Visual Paradigm 102 Serial Number
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The use of query builders such as that of Figure 1 is ubiquitous within the library and information science community and has served as the primary means for expressing structured searches since the development of the first online databases. However, from a UX perspective, the approach suffers from a number of fundamental shortcomings. In this paper, we examine those shortcomings, review their implications from a design perspective, and offer a new approach based on an alternative paradigm.
In Section 2, we discuss the weaknesses of the current paradigm and review their consequences for structured searching. In Section 3, we describe alternative approaches and key design insights and principles. In Section 4, we propose a new approach which builds on related work and extends it to address a number of challenges. We conclude in Section 5 with a summary and opportunities for further work.
The use of command-line query builders currently serves as the de facto paradigm for all manner of advanced search experiences. However, despite their ubiquity, the practice of using Boolean strings to express complex information needs suffers from a number of shortcomings.
The application of data visualization to search-query formulation can offer significant benefits, such as fewer zero-hit queries, improved query comprehension, and better support for exploration of an unfamiliar database (Goldberg & Gajendar, 2008). Anick et al. (1989) is an early example of such an approach. They developed a system that could parse natural language queries and represent them as movable tiles on a two-dimensional canvas. The user could rearrange the tiles to reformulate the expression and to activate or deactivate alternative elements to modify the query. In addition, the system offered support for integration with thesauri, and it displayed the number of hits in the lower left corner of each tile.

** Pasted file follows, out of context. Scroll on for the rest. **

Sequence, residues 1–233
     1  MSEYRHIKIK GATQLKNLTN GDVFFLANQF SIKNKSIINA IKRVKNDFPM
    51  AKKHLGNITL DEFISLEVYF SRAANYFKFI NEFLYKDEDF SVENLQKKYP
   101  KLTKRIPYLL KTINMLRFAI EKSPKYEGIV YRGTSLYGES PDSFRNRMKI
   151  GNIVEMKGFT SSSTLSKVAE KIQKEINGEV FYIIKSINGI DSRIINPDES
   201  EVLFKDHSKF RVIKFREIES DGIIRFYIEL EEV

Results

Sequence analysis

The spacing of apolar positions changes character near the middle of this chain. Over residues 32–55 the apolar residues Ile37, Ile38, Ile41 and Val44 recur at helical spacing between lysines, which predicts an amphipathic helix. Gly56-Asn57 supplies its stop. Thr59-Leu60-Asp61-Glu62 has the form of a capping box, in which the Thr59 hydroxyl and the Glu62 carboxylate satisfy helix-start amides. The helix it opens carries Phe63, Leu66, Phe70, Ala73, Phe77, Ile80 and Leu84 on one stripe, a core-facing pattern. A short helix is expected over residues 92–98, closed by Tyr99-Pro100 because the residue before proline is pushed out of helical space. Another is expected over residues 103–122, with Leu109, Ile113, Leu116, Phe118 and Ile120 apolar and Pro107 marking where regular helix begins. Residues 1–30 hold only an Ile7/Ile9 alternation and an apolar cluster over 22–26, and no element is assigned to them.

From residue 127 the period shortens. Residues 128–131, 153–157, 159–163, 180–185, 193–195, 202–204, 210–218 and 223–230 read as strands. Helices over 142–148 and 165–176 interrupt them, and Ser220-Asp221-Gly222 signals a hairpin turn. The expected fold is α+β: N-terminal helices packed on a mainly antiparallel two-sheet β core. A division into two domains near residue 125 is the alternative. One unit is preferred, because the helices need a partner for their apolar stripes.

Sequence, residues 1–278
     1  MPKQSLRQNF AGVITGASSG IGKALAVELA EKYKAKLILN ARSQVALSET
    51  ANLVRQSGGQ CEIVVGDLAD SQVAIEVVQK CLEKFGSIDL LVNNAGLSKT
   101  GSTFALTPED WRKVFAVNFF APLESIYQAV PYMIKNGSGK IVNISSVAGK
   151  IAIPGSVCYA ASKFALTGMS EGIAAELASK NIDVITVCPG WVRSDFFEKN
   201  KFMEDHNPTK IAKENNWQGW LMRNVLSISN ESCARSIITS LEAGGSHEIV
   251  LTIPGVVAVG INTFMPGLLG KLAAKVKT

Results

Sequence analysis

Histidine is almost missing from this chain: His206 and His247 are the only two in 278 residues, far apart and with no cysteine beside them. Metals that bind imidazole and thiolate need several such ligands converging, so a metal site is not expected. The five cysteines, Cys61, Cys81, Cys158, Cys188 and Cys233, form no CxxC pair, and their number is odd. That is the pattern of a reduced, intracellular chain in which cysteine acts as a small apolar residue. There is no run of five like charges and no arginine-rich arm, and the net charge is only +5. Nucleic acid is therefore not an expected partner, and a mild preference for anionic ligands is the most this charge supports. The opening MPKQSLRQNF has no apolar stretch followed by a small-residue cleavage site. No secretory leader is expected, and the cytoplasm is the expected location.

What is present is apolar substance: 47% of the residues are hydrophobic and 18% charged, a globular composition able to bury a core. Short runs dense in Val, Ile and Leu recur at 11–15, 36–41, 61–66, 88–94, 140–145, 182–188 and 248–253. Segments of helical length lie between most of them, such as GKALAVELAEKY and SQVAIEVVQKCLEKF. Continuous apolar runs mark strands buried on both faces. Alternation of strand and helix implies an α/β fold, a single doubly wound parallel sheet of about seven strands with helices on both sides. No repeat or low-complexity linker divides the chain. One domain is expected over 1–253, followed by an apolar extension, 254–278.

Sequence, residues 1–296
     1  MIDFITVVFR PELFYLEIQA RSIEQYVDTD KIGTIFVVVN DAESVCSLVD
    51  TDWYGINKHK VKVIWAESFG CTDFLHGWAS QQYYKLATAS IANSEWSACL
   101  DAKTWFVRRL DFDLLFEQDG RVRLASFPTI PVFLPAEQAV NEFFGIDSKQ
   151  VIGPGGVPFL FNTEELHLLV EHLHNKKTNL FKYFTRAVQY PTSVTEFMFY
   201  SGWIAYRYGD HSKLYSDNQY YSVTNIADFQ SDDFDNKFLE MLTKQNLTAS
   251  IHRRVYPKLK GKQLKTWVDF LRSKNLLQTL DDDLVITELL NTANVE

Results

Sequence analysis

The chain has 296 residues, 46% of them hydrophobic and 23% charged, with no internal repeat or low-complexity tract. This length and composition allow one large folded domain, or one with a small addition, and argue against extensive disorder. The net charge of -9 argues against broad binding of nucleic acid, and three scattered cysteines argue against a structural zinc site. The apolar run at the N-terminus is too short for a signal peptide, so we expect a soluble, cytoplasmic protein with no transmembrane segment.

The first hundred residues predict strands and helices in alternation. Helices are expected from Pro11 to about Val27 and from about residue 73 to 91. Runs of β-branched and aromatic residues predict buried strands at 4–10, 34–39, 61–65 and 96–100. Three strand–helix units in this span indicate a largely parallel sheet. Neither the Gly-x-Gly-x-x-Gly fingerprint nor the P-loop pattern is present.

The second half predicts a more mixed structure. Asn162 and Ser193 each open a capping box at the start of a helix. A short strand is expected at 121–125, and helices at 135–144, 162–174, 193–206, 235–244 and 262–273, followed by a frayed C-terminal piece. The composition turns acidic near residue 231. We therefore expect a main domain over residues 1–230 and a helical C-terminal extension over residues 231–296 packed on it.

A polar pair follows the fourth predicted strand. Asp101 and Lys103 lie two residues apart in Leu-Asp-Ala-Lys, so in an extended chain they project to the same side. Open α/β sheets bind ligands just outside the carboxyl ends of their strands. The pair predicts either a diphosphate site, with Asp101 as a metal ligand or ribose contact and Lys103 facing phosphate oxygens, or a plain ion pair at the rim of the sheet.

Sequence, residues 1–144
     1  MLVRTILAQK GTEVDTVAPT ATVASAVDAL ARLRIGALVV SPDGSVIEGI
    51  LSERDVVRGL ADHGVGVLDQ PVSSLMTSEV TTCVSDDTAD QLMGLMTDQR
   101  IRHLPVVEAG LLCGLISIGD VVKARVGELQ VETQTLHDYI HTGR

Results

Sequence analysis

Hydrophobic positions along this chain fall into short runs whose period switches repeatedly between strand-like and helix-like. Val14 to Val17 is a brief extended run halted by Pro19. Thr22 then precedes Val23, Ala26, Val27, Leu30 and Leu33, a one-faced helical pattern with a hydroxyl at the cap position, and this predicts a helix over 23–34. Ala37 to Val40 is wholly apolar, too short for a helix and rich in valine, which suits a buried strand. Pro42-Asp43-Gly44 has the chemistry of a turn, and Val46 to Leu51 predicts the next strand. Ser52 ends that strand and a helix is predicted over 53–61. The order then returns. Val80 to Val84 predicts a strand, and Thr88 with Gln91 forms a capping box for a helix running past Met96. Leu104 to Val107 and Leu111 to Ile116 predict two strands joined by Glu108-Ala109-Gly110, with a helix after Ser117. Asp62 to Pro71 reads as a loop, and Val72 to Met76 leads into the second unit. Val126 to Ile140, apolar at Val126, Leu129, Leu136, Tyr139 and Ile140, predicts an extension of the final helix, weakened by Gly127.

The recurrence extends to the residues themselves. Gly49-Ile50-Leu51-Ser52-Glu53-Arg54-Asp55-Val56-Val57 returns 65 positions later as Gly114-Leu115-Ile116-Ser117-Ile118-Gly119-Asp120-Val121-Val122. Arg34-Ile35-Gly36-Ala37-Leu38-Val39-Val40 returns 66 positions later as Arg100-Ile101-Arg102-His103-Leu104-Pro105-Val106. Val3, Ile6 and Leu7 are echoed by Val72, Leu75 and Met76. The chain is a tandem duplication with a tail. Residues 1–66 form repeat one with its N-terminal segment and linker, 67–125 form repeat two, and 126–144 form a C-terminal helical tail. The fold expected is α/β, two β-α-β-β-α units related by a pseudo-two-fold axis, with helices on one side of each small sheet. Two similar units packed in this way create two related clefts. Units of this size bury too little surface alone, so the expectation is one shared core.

As we discussed in Section 2, crafting syntactically correct search expressions can be an error-prone and tedious process. Line numbers, parentheses, square brackets, punctuation, whitespace characters, and Boolean operators all have the potential for errors. However, a visual representation can delegate to lower-level system functions the task of generating syntactically correct expressions. Transforming logical structure into a visual layout provides a more direct mapping between the underlying semantics and physical appearance, and it provides a more intuitive experience for users wishing to experiment with different approaches.
In this paper we have reviewed conventional approaches to structured searching and identified a number of shortcomings. We have reviewed alternative paradigms and identified key design insights and principles that help mitigate these shortcomings. In 2Dsearch, we have applied and extended these insights to develop an alternative approach to traditional command-line query builders. In particular, we have developed a framework for search-strategy formulation in which users express queries by combining objects on a two-dimensional canvas. Transforming logical structure into visual layout provides a more direct mapping between the underlying semantics and physical appearance. This helps to eliminate syntax errors, makes the query semantics more transparent, and offers new ways to optimize, share, and reproduce search strategies. The platform currently provides adapters for Google, Google Scholar, Bing, PubMed, Epistemonikos, and Trip Database. In due course, we will provide other adapters, but our next objective is to engage in a formal, user-centric evaluation, particularly in comparison to traditional query builders. We are currently engaging with the library and information science community in this regard and welcome feedback. We also invite subject-matter experts to work with us in building repositories of best practice examples and templates.
We are accustomed to thinking of the task of vision as being the construction of a detailed representation of the physical world. However, a paradigm that we term animate vision argues that vision is more readily understood in the context of the tasks that the system is engaged in, and that these tasks may not require elaborate categorical representations of the 3-D world. As an example, we show how the general problem of image interpretation can be replaced in many cases by a combination of two simpler problems, identification and search. Both tasks use multidimensional color histograms to represent the model and images. Color histograms are shown to permit efficent matching and a sufficiently rich representation to distinguish among a large number of objects. 2b1af7f3a8